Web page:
Improved lead times
Improved efficiency of just-in-time manufacturing processes
Improved feasibility of mass customization through a tight feedback loop
Also, more sustainable because you are using less energy to ship across vast differences.
Joe Gednalske, Senior Product Development Strategist at Meristem, references the Coca-Cola bottling model in the article, which I love as an example. I talked about this being a viable approach in agriculture in a June 2021 edition of Upstream Ag Insights.
For those unfamiliar, Coca-Cola generates more of their profits from selling syrup concentrate than selling finished bottles of Coke. Coca-Cola primarily sells their secret syrup to outside bottling companies that do the work of manufacturing and distributing the final bottles product to consumers. This portion of its business is known as its "concentrate operations." A huge portion of Coca-Cola’s revenue (and profit) is generated by this unique selling of its syrup.
The key here is that this allows Coca-Cola to have higher margins in their business an ability to reach all corners of the market thanks to less hard asset needs and last mile leg work (distribution).
The way to think about this applied to our agriculture setting is that Meristem is the Coca-Cola company, selling proprietary adjuvant ingredients to retailers who act equivalent to the bottling companies, making the product into it’s final usable form and then selling to farmers.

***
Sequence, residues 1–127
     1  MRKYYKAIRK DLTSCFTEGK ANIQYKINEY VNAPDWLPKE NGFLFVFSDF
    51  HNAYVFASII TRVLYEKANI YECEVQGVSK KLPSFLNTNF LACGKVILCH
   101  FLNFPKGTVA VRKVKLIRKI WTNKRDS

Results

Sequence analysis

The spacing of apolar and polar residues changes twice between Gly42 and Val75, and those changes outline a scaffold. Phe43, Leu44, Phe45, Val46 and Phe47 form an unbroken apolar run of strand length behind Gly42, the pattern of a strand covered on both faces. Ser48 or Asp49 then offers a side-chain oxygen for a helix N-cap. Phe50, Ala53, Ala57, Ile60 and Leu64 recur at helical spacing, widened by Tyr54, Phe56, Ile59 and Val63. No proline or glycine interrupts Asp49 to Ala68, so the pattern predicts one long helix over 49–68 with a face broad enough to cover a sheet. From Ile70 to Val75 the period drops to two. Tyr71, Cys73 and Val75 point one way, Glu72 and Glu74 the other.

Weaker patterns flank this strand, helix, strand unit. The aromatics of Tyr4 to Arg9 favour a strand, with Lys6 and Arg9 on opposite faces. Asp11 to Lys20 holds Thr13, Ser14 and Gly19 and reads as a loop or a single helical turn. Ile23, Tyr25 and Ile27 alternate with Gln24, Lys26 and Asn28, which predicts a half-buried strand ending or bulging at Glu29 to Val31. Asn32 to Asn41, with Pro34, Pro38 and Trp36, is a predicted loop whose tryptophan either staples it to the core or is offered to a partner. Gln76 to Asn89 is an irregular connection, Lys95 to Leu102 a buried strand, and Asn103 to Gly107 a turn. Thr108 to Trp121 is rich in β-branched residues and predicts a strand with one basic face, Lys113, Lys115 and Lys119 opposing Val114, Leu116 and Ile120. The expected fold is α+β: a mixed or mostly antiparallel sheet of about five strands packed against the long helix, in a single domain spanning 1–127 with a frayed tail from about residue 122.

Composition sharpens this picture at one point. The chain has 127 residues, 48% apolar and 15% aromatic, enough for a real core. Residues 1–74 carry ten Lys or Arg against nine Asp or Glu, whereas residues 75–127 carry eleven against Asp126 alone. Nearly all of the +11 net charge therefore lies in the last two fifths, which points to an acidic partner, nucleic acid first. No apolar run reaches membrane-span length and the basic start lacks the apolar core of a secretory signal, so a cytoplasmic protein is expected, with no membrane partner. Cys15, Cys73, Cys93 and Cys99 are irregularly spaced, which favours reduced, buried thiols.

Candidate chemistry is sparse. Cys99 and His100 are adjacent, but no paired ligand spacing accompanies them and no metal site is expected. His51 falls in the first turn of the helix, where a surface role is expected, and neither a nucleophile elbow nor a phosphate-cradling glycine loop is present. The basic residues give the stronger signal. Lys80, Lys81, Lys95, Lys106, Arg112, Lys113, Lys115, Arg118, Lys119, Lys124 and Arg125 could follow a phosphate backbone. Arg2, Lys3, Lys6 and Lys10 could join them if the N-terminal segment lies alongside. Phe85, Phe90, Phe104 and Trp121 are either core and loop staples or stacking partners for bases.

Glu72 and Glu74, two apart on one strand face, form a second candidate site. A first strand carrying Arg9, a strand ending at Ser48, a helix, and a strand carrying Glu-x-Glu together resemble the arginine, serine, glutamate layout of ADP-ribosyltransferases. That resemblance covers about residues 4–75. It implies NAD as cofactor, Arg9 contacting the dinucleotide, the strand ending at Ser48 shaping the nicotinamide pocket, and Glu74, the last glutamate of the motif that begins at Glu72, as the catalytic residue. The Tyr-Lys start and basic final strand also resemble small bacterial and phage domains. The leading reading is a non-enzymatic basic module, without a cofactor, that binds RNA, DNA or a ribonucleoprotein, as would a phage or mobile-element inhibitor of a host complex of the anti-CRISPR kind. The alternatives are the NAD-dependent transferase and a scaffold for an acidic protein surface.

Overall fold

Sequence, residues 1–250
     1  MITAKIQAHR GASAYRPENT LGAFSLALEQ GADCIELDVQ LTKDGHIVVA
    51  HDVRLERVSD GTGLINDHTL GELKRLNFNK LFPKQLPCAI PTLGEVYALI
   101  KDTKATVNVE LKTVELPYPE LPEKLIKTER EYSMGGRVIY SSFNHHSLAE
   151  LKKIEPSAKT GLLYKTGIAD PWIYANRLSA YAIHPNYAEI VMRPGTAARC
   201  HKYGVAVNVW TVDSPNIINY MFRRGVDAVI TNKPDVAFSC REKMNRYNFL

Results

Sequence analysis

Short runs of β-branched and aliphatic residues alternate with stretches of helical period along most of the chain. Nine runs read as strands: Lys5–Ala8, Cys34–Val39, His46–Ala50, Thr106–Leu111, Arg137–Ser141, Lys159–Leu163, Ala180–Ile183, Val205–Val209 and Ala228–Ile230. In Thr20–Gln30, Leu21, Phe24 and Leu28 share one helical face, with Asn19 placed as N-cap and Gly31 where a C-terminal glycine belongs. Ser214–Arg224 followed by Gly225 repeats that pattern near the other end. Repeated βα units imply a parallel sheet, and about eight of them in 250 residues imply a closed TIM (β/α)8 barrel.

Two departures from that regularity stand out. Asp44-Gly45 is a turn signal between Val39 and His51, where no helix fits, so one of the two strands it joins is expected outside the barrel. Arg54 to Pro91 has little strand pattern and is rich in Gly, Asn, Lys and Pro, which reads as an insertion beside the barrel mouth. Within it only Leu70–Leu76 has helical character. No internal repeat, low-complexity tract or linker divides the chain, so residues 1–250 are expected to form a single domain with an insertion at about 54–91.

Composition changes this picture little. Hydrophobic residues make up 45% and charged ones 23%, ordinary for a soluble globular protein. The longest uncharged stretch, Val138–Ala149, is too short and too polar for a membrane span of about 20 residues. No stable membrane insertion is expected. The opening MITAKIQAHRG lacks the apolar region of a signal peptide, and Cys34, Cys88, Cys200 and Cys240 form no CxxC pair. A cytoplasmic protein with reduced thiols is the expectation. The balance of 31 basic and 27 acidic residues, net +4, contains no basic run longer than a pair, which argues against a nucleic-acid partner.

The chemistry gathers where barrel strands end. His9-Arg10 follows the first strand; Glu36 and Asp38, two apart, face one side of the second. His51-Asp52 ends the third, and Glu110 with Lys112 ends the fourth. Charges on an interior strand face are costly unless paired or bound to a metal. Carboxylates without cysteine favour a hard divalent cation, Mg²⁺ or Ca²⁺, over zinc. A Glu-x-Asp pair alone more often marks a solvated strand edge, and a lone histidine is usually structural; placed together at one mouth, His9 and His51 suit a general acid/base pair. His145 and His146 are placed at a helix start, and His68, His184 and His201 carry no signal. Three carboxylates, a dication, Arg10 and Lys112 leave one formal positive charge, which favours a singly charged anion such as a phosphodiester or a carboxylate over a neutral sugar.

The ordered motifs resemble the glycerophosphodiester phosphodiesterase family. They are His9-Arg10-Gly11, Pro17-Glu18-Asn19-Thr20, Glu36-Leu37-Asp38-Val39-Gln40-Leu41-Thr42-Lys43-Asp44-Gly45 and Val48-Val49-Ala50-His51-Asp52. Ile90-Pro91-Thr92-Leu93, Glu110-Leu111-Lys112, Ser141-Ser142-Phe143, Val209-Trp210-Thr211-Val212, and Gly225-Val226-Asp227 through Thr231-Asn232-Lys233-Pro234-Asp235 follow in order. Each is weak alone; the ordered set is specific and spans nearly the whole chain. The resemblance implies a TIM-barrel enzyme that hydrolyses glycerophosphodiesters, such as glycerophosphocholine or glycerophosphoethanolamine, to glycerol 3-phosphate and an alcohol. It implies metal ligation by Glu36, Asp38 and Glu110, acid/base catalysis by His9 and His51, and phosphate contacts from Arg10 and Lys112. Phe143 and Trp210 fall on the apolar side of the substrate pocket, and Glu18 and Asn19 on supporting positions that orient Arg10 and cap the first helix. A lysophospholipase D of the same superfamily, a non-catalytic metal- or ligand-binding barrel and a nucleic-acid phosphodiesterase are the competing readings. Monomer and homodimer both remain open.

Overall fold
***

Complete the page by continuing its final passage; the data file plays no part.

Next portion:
The outcomes become:
Higher operating margins for Meristem and increased ability/agility to scale up growth across the USA.
Lower cost of goods for the retailer equalling potentially higher margins
And lower costs of finished goods (adjuvant) to the farmer. (For very large farmers with their own spraying assets, they could buy the ingredients directly as well. Though, the lowest amount of product that can be made in a batch is 2500 gallons which is a lot of adjuvant at typical rates for most farmers).
They have created a win-win-win scenario at all points of the value chain.
The article also talks about the BioCapsule technology, which I broke down in September for those interested in a deeper dive on the technology.
Meristem continues to impress me. I think a lot on the future of input sales, crop protection production and beyond, but what’s incredible is that Meristem is out there doing the hard work of creating the technology to enable this future, obtaining the patents and delivering it commercially into the market. No small feat and one surely worth it for retailers and farmers in the long run.